For me, the coolest thing is when I finally start to get results after a long time setting up an experiment and get an inkling for what's happening. For example, I've been working with human samples to try to understand how the number of X or Y chromosomes impacts cells. We've been recruiting individuals with different numbers of X and Y chromosomes, which naturally vary in the human population. There are individuals who only have one X chromosome, which is associated with Turner syndrome. These are females, typically of short stature, with a mix of health issues. We also have samples from males with two X chromosomes and a Y; this is associated with Klinefelter syndrome. These are fairly rare populations, so it takes a long time to get enough samples. We've done a lot of work with various clinicians and gotten to know the communities with those syndromes while trying to recruit individuals. When I finally had enough samples to get some initial results it was a very cool and rewarding experience.
What’s it like getting to know the communities with the disorders you study?
I've been very involved with the Turner syndrome community in particular. They have patient advocacy networks and support groups, and they put on huge conferences every year. I've been able to go to a few of those and meet a lot of women with Turner syndrome. It's been very rewarding to talk with them and get to understand their priorities in terms of research questions. You learn things from them that you don’t get from reading medical journals, and you get to know them as people, which I have really enjoyed.
Has getting to know the communities influenced your research?
One thing I learned from talking to women with Turner syndrome is that one of their biggest issues is hearing loss. It’s very common in the Turner syndrome population, and it really affects their day-to-day life. I've been reading up on this and there are some genes on the X and Y chromosomes that may be involved in hearing loss, but this needs much more research to definitively pin down. This was not something that I would have looked into necessarily, until I was made aware of it by talking with them.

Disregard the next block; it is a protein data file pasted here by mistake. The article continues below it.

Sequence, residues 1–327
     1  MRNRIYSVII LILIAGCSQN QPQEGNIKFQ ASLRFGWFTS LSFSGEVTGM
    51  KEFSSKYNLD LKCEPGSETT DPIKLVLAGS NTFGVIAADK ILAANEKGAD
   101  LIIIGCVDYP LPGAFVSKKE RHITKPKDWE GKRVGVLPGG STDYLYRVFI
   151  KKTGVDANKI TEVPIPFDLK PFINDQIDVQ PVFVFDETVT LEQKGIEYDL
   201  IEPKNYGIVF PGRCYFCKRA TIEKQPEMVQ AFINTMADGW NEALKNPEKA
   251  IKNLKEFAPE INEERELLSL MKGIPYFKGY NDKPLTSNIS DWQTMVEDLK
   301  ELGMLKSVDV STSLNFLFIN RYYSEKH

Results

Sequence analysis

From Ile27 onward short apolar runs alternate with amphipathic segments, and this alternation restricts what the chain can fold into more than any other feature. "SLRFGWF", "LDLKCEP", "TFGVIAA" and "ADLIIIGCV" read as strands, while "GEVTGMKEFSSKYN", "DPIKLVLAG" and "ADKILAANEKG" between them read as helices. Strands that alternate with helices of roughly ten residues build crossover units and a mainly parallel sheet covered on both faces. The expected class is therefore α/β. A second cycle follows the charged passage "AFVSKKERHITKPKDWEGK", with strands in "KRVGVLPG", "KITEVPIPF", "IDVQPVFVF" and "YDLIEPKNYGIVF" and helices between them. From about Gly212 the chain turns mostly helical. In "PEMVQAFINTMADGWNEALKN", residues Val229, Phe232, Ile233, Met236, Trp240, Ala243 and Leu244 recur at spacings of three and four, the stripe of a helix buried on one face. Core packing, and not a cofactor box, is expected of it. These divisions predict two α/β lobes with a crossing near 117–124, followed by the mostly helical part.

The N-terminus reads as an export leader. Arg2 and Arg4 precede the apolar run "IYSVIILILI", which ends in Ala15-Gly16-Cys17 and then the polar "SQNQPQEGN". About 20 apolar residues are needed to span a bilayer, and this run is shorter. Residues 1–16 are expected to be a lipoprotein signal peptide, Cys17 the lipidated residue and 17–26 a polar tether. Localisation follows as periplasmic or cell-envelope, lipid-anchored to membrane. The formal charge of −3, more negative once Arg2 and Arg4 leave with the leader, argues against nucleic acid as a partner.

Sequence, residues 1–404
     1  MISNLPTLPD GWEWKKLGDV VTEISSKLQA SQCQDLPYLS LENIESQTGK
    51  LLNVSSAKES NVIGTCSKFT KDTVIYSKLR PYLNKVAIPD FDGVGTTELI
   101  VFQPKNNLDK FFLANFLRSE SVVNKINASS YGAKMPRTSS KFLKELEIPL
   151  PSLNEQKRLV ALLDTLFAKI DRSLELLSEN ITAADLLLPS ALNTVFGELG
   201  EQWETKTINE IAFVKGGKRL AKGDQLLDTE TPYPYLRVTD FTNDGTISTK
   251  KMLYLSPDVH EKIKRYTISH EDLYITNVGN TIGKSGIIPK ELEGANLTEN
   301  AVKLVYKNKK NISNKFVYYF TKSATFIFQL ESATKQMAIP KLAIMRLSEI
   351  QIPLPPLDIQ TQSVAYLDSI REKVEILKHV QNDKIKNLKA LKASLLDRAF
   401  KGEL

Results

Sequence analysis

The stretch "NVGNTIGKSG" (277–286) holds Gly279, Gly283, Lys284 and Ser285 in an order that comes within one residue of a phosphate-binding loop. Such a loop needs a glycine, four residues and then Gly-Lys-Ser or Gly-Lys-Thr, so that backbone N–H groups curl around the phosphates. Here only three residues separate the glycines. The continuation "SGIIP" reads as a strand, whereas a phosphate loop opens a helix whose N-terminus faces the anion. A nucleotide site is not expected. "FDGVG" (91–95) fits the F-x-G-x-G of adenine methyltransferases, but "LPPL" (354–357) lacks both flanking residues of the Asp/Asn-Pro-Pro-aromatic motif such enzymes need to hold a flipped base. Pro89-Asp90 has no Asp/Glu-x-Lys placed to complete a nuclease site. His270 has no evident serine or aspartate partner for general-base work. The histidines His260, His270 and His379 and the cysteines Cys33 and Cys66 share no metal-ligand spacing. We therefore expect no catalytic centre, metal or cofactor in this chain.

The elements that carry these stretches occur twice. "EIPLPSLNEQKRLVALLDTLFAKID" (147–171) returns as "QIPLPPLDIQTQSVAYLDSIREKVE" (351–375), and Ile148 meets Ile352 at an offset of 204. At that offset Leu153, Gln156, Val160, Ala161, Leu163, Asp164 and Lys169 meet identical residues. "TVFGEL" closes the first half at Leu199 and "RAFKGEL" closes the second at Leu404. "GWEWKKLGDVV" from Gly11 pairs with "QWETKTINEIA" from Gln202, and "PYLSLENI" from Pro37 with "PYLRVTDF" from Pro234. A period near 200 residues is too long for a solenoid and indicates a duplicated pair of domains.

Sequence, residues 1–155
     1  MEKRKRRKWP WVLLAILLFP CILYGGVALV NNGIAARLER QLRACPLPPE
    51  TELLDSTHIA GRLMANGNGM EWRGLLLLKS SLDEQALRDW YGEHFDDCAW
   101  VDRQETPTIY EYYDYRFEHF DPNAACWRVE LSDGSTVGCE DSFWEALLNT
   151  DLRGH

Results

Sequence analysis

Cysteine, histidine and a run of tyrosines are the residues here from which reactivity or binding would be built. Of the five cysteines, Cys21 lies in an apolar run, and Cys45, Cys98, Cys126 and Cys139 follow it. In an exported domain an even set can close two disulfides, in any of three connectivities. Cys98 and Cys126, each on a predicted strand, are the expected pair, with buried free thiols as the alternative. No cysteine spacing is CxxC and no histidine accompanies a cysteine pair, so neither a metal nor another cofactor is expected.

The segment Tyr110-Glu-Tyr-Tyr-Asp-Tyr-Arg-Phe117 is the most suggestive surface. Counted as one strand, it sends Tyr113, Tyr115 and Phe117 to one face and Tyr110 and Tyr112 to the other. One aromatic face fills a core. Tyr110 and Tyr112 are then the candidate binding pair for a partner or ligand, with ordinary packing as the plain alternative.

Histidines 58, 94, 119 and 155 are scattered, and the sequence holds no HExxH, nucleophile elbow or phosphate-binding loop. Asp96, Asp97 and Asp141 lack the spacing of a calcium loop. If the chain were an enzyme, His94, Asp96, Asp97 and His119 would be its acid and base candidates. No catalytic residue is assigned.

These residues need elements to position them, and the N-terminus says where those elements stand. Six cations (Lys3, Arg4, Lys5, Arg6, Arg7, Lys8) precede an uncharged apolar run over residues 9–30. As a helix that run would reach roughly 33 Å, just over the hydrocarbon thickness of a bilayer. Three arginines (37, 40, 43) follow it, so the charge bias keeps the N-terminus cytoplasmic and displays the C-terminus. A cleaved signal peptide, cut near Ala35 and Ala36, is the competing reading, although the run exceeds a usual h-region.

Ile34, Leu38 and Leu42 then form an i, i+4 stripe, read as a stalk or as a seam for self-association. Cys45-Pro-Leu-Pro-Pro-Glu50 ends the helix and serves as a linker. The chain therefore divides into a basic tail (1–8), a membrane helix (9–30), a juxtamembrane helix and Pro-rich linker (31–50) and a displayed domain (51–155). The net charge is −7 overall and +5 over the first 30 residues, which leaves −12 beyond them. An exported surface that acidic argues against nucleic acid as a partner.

What are your hobbies outside of work?
I’m very into cooking and gardening because I consider them both experiments I can eat! My biggest triumph was setting up an automated watering system in my garden to grow plenty of produce for salads all summer long. I also participate in a book club with friends. We read all kinds of books – right now we're reading Michelle Obama's memoir, Becoming. One of my favorites was a fiction book called The Power by Naomi Alderman, about what happens to society when physical dominance shifts from males to females.
What are you passionate about?
Science outreach. Throughout grad school I was involved in an organization called Science in the News, which is run by graduate students at Harvard. We put on a public lecture series every year that was very successful. Since I've been at Whitehead Institute, I've been involved in several programs. One of them is Science Club for Girls, which is a local organization that runs afterschool science programs for girls from elementary through high school. I worked at two different schools, in Cambridge and Somerville, with second and third grade girls. I think it's really cool for the kids to hang out with a scientist in a fun environment and see that scientists can look like them. I think the experiments we do together spark an interest in them at an early age.
I'm also involved with the Whitehead Institute teacher-scientist partners program, which pairs us with teachers to share ideas and act as a resource. I've been working with one teacher, Don Pinkerton from Revere High School, for the last few years. I've gone to Revere to talk about science careers and my research—high school students are very interested in the idea of sex differences so I always have insightful conversations with them. Working with the high school teacher program has made me excited about getting teachers more involved in research. I think it's a cool idea because they take that enthusiasm and knowledge back to the classroom, so it's a way of multiplying your impact.
Where do you see yourself in 10 years?
I would love to have my own lab at a research university. I hope that my career involves teaching and outreach as well as research, and that my lab is welcoming to a diverse group of people at different stages in their careers. I hope that we are studying sex differences in different contexts throughout the body, really trying to understand how the biology connects to differences in health and disease.
Communications and Public Affairs